Michael Snyder, the former head of marketing for health and wellness cable network Veria Living (now Z Living), has filed a discrimination lawsuit against the company and its top officers – chairman Subhash Chandra and former Asia TV CEO Suresh Bala Iyer (Bala), both Indian nationals – claiming the two regularly prevented the former executive from completing his duties and terminated him last July because he is a Jewish American.
Snyder’s suit, filed in U.S. District Court for the Southern District of New York on Dec. 12, might not be the only discrimination claim against Z Living executives. Michael Grenert, an attorney with New York law firm Liddle & Robinson LLP, declined to comment beyond the lawsuit. But there are indications that other complaints have been made among employees at the fledgling network. According to a December 2014 letter obtained by Multichannel News, the U.S. Equal Employment Opportunity Commission is conducting an investigation into claims by employees at Z Living parent Asia TV that the company treats employees differently based on their race, sex or national origin. EEOC investigator Emily Haimowitz, who is named in the letter, did not return a request for comment.
Z Living, through a public relations representative, said Tuesday afternoon that “it is our company policy not to comment on any pending legal matters.” Former Z Living CEO Eric Sherman, who left the company last month, also declined to comment. Snyder also declined to comment beyond what is contained in the lawsuit.
The EEOC investigates claims of discrimination against employers and if it finds that discrimination has occurred, first tries to settle the charge. If that is unsuccessful, it can file a lawsuit to protect workers’ rights.
Snyder, a former marketing executive at Discovery Communications and Comcast before joining Veria Living in July 2012, said he was terminated on July 1, 2013, for what the suit said was the chairman’s unhappiness with marketing. Snyder claims in his suit, though, that Chandra had only months earlier praised Snyder for his marketing efforts, including a launch event in Long Island, N.Y., that significantly raised viewership at the cable affiliate in that area, Cablevision Systems.
Snyder’s suit tells in detail the chairman’s regular and detrimental use of the term “Jew” when referring to Snyder, that CEO Bala denied the marketing chief’s request to take time off to observe the Jewish High Holidays of Rosh Hashanah and Yom Kippur – telling Snyder that those weren’t “real holidays” -- and that Chandra had once told another Jewish co-worker, “You Jews have too many holidays.”
In addition, according to the suit Chandra regularly harassed female executives at the company, firing one woman because she refused his repeated requests to go out to dinner with him. Bala also allegedly referred to one female executive’s breasts as the company’s “secret weapon,” during a company meeting, according to the suit.
In Snyder’s 20-page complaint he claims that Chandra and Bala regularly chided him for being a “dumb American,” forced him to conduct work for friends of the chairman outside of his duties at Z Living and was regularly harassed because of his religion.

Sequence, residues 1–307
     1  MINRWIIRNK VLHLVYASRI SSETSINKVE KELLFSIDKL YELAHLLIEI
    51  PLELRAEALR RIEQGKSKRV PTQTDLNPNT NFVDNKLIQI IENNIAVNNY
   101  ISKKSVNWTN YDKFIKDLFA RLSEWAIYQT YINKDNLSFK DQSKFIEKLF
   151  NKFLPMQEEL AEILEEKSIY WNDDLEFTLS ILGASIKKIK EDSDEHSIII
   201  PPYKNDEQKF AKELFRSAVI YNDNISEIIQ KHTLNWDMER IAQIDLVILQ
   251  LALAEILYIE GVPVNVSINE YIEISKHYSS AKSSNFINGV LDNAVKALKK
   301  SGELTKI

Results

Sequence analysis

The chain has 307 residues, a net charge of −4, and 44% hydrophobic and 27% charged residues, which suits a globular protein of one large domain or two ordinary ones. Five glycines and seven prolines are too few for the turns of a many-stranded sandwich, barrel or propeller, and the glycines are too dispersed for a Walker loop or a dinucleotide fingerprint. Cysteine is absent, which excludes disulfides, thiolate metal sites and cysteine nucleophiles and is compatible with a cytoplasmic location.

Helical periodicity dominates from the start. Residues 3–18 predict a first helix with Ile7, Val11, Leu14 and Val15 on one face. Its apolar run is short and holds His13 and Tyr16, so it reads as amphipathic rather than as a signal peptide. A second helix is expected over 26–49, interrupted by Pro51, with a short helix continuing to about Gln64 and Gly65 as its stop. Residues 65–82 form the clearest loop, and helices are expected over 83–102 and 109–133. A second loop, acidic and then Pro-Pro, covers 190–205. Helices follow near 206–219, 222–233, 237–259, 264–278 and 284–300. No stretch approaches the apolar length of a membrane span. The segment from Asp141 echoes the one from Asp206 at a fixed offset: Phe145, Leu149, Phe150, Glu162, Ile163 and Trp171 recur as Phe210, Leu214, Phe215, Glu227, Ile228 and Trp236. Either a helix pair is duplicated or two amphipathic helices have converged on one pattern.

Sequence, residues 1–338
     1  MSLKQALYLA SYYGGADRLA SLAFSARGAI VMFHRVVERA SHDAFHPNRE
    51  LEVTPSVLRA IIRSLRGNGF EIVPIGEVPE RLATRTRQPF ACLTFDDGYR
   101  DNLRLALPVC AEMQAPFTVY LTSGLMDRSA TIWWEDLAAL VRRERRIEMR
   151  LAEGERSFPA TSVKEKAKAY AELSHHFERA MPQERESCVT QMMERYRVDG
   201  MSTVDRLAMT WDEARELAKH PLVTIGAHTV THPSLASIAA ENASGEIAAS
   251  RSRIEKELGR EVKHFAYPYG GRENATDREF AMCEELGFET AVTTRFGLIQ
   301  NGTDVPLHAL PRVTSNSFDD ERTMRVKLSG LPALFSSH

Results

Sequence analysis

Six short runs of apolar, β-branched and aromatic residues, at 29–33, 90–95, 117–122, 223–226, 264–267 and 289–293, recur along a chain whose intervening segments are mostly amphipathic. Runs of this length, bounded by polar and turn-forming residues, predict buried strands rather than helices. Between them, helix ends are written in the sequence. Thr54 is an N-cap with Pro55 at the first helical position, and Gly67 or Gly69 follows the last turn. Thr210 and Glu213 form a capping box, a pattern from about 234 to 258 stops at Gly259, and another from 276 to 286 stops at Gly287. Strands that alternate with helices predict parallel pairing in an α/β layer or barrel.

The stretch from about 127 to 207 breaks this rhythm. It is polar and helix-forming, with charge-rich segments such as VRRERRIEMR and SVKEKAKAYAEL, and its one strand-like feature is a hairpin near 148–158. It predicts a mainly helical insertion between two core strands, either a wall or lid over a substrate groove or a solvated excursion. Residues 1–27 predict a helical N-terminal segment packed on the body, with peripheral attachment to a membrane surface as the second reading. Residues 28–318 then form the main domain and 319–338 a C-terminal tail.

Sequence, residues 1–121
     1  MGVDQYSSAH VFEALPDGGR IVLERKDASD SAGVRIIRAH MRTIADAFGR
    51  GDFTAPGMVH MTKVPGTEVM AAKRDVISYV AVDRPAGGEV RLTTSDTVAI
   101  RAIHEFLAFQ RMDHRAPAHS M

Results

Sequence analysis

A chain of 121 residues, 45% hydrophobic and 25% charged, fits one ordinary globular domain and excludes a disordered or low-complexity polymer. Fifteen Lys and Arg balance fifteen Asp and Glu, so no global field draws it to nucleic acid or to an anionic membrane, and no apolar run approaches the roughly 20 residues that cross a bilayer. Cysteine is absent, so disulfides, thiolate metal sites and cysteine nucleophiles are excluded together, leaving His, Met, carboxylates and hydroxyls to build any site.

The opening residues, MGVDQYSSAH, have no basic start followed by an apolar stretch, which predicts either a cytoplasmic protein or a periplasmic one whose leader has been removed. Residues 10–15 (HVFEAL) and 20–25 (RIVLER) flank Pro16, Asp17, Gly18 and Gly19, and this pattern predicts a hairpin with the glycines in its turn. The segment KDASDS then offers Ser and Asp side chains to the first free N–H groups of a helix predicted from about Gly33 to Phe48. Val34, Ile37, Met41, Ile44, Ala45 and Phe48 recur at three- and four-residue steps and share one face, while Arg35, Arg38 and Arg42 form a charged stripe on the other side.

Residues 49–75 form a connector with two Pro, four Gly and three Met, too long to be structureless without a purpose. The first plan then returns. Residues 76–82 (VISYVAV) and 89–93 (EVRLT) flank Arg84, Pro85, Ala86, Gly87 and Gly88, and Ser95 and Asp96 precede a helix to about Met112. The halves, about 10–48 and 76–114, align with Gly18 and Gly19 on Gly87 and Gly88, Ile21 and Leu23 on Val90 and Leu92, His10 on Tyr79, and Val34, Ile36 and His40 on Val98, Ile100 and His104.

Veria Living is a health and lifestyle network owned by Zee Entertainment, a Mumbai-based television and production company owned by Chandra. Veria, which changed its name to Z Living in October to better reflect its relationship with Zee Entertainment, has struggled to find carriage in the United States, opting to press its case to regulators and legislators involved in the approval of the Comcast-Time Warner Cable and the AT&T-DirecTV mergers to get its programming in front of viewers.
Although Z Living does not disclose subscriber numbers, it is carried on Dish Network, Cablevision Systems, Verizon’s FiOS TV, GCI in Alaska, RCN and some smaller independent distributors.
The channel was founded in 2007 by Essel Group, of which Chandra also is chairman. Essel’s holdings in the U.S. include Asia TV USA Ltd., which owns and distributes channels including Zee TV under the Zee brand.
On several occasions, according to the suit, other employees told Snyder that he would never be trusted by Chandra because he is not Indian. According to the suit, Chandra insisted on personally approving every expenditure Snyder made above $1,000; forced the executive to clear all marketing videos with Zee TV Middle East head of programming Rajeev Kheror (who had no expertise in those matters) and refused to give Snyder a definitive marketing budget, saying “You Americans think a budget is a license to spend money,” according to the suit.
Bala also allegedly threw an object across a conference room, shouting “You Americans spend too much time with your wives and not enough time with your co-workers,” after Snyder suggested that a plan for a Friday evening company get-together to boost sagging morale may not do so because some employees may have planned to spend that day with their families.
Snyder, who is currently chief strategy officer at D4 Creative Group in Philadelphia, is asking for back and future pay, court costs and unspecified punitive damages.
Kent Gibbons contributed reporting to this story.
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